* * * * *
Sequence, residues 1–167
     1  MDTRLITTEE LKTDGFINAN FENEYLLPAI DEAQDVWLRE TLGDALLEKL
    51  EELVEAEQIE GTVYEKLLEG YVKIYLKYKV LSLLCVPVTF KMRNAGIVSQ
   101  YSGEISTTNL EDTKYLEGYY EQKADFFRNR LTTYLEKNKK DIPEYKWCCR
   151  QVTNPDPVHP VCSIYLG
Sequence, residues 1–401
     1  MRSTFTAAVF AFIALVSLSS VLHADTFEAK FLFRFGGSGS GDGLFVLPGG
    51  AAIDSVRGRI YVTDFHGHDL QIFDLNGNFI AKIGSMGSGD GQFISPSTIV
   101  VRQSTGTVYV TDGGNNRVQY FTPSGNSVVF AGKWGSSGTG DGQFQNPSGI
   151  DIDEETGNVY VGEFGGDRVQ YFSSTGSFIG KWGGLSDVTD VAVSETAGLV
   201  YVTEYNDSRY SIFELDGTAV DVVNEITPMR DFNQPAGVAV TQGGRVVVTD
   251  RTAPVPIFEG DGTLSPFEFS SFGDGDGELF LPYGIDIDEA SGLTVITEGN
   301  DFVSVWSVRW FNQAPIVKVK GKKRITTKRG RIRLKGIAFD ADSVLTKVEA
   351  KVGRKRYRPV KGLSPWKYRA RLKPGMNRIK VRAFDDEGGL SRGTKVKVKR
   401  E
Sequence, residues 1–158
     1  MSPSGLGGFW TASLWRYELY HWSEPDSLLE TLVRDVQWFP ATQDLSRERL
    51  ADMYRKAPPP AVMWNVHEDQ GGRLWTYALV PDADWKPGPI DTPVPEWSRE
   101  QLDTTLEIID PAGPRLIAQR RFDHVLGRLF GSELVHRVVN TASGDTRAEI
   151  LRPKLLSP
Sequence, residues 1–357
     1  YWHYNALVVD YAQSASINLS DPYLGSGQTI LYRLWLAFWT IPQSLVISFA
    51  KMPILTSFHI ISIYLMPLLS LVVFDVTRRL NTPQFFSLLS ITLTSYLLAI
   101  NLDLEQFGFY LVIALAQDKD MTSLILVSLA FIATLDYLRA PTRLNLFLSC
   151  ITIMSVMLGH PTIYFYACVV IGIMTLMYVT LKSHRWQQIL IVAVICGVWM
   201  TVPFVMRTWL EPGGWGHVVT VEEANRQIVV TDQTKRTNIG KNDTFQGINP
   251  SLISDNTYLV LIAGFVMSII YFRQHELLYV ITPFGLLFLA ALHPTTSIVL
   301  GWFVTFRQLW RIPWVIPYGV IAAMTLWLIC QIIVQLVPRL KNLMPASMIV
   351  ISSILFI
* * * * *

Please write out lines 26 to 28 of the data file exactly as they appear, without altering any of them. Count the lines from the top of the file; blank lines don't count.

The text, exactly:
   201  TVPFVMRTWL EPGGWGHVVT VEEANRQIVV TDQTKRTNIG KNDTFQGINP
   251  SLISDNTYLV LIAGFVMSII YFRQHELLYV ITPFGLLFLA ALHPTTSIVL
   301  GWFVTFRQLW RIPWVIPYGV IAAMTLWLIC QIIVQLVPRL KNLMPASMIV